I was shocked when I read the following set of news last night:
- IOI Corp cancels RM830m land purchase from Dutaland
- Dutaland rejects IOI Corp bid to cancel RM830m land purchase
Last night, just 3 months after signing the deal, IOI Corp said it's cancelling this deal.
And of course, Dutaland quickly responds by saying it's taking legal advice since it's not accepting IOI's reason for termination.
And as you can guess, Dutaland has asked that the deposit of 83 million not be remitted back to IOI Corp.
And this looks like yet another woeful corporate exercise from IOI Corp.
Just what on earth are they doing?
This is a 830 million transaction. You just don't sign any 830 million corporate deal without making thorough due diligence before agreeing to purchase. And IOI explanation on why it's cancelling this deal is simply a " non-compliance of certain terms and conditions".
This is simply pathetic and it reminds me of the recent Citibank debacle that happened back in Nov 2008.
Here's an article on Star Biz back then.
- Saturday November 29, 2008
IOI Corp should better explain why it’s losing its RM73mil deposit
By P. Gunasegaram
REALLY, listed companies should be a lot more careful before they pay a deposit for their proposed acquisitions. If they can’t complete their deals for any reason, they can lose hefty sums of money and raise needless suspicion over board integrity.
Boards of listed companies and CEOs should realise that they have a statutory duty not only to their major shareholders but also to each and every shareholder – and there are many minority shareholders to consider.
The least that listed companies should do when they abort their deals is to offer a full and fair explanation of why it was aborted, what were the events that had changed and why these things had not been anticipated in the first place.
Take the deal called off inexplicably by IOI Corp after having signed on the dotted line less than three months ago and losing over RM73mil in deposits paid in the process.
It had announced on Aug 28 the effective acquisition of Menara Citibank in Kuala Lumpur for RM586.7mil through the purchase of Inverfin Sdn Bhd which owned the building. Inverfin is owned in turn by Citigroup unit Citi Holding (50%), Singapore’s CapitaLand (30%) and Amsteel Corp (20%).
On Thursday, Nov 27, IOI Corp, just a day short of three months of the earlier announcement, told Bursa Malaysia that it has decided not to proceed with the acquisition.
The reason in IOI Corp’s own words: “However, due to the recent sudden adverse developments in the global economic environment which have spread to this region and impacted negatively on business sentiments, the Company has, after due and careful deliberations, decided that it would be in the overall best interests of the Company and its shareholders not to proceed with the Proposed Acquisition.”
It further announced that the vendors were forfeiting the deposits paid of RM73.4mil together with interest and added that it was “seeking legal advice as to the propriety and quantum of the aforesaid forfeiture”.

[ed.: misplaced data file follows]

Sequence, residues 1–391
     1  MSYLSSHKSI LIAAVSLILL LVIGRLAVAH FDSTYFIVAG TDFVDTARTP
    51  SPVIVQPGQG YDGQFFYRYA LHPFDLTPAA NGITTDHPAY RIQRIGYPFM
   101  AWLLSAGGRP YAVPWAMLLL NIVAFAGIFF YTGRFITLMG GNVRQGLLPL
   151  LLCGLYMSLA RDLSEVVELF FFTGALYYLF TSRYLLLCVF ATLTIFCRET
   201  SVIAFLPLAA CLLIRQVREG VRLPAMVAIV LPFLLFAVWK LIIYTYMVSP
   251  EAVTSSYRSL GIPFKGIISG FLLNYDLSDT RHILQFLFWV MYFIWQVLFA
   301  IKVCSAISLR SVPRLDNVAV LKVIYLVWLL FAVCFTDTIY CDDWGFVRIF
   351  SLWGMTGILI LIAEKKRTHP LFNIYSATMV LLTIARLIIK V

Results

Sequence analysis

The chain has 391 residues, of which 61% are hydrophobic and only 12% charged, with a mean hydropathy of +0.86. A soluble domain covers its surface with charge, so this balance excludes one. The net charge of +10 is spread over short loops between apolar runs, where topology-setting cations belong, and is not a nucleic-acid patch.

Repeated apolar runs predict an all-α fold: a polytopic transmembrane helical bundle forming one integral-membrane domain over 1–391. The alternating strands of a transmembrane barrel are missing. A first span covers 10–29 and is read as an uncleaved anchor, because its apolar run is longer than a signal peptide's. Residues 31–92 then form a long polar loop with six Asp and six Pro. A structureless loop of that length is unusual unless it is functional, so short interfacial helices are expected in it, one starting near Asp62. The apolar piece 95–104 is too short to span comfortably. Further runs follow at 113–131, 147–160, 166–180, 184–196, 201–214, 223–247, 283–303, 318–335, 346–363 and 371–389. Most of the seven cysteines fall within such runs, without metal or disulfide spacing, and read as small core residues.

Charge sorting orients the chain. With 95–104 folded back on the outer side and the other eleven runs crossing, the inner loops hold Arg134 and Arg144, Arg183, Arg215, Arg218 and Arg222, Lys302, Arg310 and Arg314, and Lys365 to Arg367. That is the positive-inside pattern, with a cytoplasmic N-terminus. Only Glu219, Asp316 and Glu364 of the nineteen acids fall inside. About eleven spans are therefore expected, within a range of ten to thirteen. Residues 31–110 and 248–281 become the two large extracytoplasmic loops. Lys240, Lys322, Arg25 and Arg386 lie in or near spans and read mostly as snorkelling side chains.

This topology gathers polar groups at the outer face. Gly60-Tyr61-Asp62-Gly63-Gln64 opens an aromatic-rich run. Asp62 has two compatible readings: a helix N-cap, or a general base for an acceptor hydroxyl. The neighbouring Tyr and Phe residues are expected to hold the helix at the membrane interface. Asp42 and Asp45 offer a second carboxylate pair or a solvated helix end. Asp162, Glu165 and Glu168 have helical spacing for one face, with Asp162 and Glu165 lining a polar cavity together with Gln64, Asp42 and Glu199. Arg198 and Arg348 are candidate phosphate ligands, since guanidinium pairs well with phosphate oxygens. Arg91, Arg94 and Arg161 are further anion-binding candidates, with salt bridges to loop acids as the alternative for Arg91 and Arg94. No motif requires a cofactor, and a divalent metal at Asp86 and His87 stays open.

It is instructive to note what IOI Corp said in its original acquisition announcement: “The Proposed Acquisition will provide IOI with an immediate substantial rental income stream. With its choice location at the heart of Kuala Lumpur and well served by the surrounding infrastructure and amenities, Menara Citibank is presently enjoying close to 100% occupancy rate with quality tenants consisting of multinational companies and reputable companies in their respective industries.
“In addition, the 50-storey Menara Citibank is well-maintained and well-equipped with high quality mechanical and electrical equipment and good security system. Its distinctive design and quality also distinguish itself from the competing office buildings in the vicinity.
“On the whole, the Proposed Acquisition is a strategic move which augurs well for the IOI Group as it accords the Group with the golden opportunity to own one of the few available high-rise Grade A office buildings in Kuala Lumpur with first class location and prestigious address.”
So, why is that changed in three months? Was there an exodus of tenants from Menara Citibank? Did the rental income drop? Was there a collapse in office space prices? Why is the acquisition not strategic anymore?
Why could not IOI Corp have foreseen these problems earlier? After all, the subprime crisis was already upon us. Why did it pay the deposit which it now has most likely lost if it had felt there could be problems?
IOI Corp’s explanation is poor at best and we really don’t know what it is at worst. Investors certainly expect a lot more from this company, once the darling of the stock market. And so should regulators. Minority shareholders certainly have a right to be seriously upset.
Coming so soon after its recent debacle where it reported foreign exchange losses of over RM312mil for the quarter to end-September, the latest episode will put another dent in its reputation, largely unsullied until the forex episode.
IOI Corp back in 2008, had also terminated a deal 3 months after signing the deal!!!!
And IOI lost its 73 million deposit back then. Me? I won't be surprised one bit if IOI loses 83 million ringgit this time for cancelling its deal with Dutaland.
It's simply embarrassing and if I am a minority shareholder in IOI Corp, I would be deeply annoyed to see what's happening. IOI Corp is supposedly one of our country's biggest corporation. In 2008, IOI lost 73 million by rescinding a deal to buy Citibank. 3 years later, IOI could now lose 83 million by cancelling this deal to buy land from Dutaland. What the hell? Does IOI have so many million ringgit to give away???
Would you blame any minority shareholder for asking 'Is IOI Corp the biggest water fish in corporate Malaysia?'
ps: Looks like Dutaland could get 83 million ringgit free!
ps: I got some barn yard. Does IOI want to agree to buy and then cancel to buy from me? :P